On The Way: The Daily Zen Journal

Mar 17 2016

The Unborn

Butchi Bankei (1622-1693)

I was still a young man when I came to discover the principle of the Unborn and its relation to thought. I began to tell others about it. What we call a "thought" is something that has already fallen one or more removes from the living reality of the Unborn. If you priests would just live in the Unborn, there wouldn't be anything for me to tell you about it, and you wouldn't be here listening to me.

Because of the unbornness and marvelous illuminative power inherent in the Buddha-mind, it readily reflects all things that come along and transforms itself into them, thus turning the Buddha-mind into thought. I'm going to tell those in the lay audience all about this now. As I do, I want the priests to listen along too.

Not a single one of you people at this meeting is unenlightened. Right now, you're all sitting before me as Buddhas. Each of you received the Buddha-mind from your mothers when you were born, and nothing else. This inherited Buddha-mind is beyond any doubt unborn, with a marvelously bright illuminative wisdom.

In the Unborn, all things are perfectly resolved. I can give you proof that they are. While you're facing me listening to me speak like this, if a crow cawed, or a sparrow chirped, or some other sound occurred somewhere behind you, you would have no difficulty knowing it was a crow or a sparrow, or whatever, even without giving a thought to listening to it, because you were listening by means of the Unborn.

If anyone confirms that this unborn, illuminative wisdom is in fact the Buddha-mind and straight away lives, as he is, in the Buddha-mind, he becomes at that moment a living Tathagata, and he remains one for infinite kalpas in the future. Once he has confirmed it, he lives from then on in the mind of all the Buddhas, which is the reason the sect I belong to has sometimes been called the "Buddha-mind" sect.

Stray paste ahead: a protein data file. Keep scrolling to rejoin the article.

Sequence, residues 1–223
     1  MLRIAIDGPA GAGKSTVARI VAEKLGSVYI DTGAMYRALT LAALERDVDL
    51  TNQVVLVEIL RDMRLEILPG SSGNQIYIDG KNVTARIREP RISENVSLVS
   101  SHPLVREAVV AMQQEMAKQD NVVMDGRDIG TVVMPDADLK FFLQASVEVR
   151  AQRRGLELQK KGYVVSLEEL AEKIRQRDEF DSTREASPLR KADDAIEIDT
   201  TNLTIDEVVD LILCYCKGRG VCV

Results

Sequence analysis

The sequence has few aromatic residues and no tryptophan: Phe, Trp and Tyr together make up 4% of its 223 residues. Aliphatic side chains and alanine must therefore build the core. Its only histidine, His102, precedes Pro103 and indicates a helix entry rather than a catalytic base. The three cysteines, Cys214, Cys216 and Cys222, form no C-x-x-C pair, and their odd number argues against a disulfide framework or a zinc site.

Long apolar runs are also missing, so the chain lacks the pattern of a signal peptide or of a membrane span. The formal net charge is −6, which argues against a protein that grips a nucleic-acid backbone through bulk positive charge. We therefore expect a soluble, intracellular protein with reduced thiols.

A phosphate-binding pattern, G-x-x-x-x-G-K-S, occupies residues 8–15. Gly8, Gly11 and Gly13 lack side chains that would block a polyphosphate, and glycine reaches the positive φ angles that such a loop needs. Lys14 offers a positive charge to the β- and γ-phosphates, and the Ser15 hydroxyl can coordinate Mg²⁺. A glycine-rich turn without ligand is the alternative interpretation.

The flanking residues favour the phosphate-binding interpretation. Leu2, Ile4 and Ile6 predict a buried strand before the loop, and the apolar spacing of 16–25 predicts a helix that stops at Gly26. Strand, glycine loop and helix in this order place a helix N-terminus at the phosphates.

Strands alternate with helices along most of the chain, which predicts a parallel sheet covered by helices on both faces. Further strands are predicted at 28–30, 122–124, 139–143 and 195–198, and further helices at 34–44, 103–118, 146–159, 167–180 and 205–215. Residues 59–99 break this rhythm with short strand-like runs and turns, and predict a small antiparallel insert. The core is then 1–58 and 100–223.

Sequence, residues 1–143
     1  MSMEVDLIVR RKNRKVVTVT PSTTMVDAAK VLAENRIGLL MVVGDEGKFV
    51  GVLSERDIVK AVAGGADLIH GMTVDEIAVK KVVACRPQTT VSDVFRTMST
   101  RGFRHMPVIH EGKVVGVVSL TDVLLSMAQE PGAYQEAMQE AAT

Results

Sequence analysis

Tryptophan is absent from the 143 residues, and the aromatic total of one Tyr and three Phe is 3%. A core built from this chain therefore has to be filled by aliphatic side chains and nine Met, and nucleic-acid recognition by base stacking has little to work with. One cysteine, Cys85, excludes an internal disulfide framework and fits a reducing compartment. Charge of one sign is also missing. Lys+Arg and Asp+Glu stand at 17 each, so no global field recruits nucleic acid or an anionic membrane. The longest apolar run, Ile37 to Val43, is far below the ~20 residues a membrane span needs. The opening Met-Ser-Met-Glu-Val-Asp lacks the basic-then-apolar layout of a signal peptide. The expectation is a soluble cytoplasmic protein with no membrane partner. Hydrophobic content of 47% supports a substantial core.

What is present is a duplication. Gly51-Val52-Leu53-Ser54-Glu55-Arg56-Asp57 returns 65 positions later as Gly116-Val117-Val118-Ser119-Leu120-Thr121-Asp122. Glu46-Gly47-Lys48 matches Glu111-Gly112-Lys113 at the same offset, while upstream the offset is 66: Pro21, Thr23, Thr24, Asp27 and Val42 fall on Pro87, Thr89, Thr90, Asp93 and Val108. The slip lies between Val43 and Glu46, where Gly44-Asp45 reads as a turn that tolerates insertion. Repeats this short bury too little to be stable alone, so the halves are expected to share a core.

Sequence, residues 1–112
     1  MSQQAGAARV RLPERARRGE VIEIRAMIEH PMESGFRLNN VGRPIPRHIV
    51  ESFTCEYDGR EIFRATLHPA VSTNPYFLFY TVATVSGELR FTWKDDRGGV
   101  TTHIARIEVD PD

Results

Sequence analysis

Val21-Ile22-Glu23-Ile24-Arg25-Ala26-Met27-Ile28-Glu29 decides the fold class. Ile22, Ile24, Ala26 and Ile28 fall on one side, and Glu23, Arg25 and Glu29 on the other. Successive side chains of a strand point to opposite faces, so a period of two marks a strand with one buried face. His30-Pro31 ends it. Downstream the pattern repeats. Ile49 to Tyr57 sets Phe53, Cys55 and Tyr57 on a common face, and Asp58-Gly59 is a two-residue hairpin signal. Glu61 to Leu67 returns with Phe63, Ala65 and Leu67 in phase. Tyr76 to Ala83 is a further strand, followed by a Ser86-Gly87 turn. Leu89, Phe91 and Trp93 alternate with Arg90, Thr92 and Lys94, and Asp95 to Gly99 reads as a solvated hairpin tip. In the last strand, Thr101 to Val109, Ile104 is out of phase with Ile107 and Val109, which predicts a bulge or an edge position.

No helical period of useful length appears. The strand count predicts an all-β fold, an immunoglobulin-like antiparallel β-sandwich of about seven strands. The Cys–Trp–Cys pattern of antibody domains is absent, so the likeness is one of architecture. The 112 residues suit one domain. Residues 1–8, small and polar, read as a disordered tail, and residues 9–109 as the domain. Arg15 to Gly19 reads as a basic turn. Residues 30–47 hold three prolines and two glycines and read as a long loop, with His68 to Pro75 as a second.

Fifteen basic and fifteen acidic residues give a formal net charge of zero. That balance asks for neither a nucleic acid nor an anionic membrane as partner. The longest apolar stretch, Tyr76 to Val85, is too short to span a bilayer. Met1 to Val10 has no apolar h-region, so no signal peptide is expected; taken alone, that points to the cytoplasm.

While you face this way listening to me now, if a sparrow chirps behind you, you don't mistake it for a crow; you don't mistake the sounds of a bell for that of a drum, or hear a man's voice and take it for a woman's, or take an adult's voice for a child's. You hear and distinguish those different sounds, without making a single mistake, by virtue of the marvelous working of illuminative wisdom. This is the proof that the Buddha-mind is unborn and wonderfully illuminating.

None of you could say that you heard the sounds because you had made up your minds to hear them beforehand. If you did, you wouldn't be telling the truth. All of you are looking this way intent upon hearing me. You're concentrating singlemindedly on listening. There's no thought in any of your minds to hear the sounds or noises that might occur behind you. You are able to hear and distinguish sounds when they do occur without consciously intending to hear them because you're listening by means of the unborn Buddha-mind.

When people are firmly convinced that the Budha-mind is unborn and wonderfully illuminating and live in it, they're living Buddhas and living Tathagatas from then on. "Buddha" too, is just a name, arising after the fact. It's only the skin and shell. When you say "Buddha," you're already two or more removes from the place of the Unborn.

A person of the Unborn is one who dwells at the source of all Buddhas. The Unborn is the origin of all and the beginning of all. There is no source apart from the Unborn and no beginning that is before the Unborn. So being unborn means dwelling at the very source of all Buddhas.

If you live in the Unborn, then there's no longer any need to speak about "nonextinction" or "undying." It would be a waste of time. So I always talk about the "Unborn," never about the "Undying." There can be no death for what was never born, so if it is unborn, it is obviously undying. There's no need to say it, is there?

You can find the expression"unborn, undying" here and there in Buddha's sutras and in the recorded sayings of the Zen masters. But there was never until now, any proof or confirmation given of the Unborn.

When you are unborn, you're at the source of all things. The unborn Buddha-mind is where the Buddhas of the past all attained their realization and where future Buddhas will all attain theirs. Although we're now in the Dharma's latter days, if a single person lives in the Unborn, the right Dharma flourishes in the world. There's no doubt about it.                                                                     

Upon confirming yourself in the Unborn, you acquire the ability to see from the place of that confirmation straight into the hearts of others. The name the Zen school is sometimes given, the "Clear-eyed" sect, stems from this. There, at the place of confirmation, the Buddha's Dharma is fully achieved. Once the eye that can see others as they are opens in you, you can regard yourself as having fully achieved the Dharma, because wherever you are becomes a place of total realization. When you reach that place, no matter who you are, you are the true successor to my Dharma.